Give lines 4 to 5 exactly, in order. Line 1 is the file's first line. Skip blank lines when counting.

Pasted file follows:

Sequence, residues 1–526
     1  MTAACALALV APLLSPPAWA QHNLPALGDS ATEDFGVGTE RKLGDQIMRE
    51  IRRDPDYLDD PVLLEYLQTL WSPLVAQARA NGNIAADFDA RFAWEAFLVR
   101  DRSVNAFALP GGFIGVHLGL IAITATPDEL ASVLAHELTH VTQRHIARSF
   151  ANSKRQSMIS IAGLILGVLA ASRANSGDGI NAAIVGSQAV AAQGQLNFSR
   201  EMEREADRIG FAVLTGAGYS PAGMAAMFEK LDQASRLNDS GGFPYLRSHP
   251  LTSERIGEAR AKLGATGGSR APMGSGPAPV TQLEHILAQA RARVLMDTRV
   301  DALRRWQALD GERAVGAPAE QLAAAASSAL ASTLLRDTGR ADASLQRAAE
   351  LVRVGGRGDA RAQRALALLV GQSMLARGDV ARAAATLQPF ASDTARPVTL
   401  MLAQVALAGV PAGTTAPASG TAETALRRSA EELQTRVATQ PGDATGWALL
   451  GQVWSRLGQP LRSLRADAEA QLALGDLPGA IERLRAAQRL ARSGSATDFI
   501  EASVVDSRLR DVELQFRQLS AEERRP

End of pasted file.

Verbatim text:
   101  DRSVNAFALP GGFIGVHLGL IAITATPDEL ASVLAHELTH VTQRHIARSF
   151  ANSKRQSMIS IAGLILGVLA ASRANSGDGI NAAIVGSQAV AAQGQLNFSR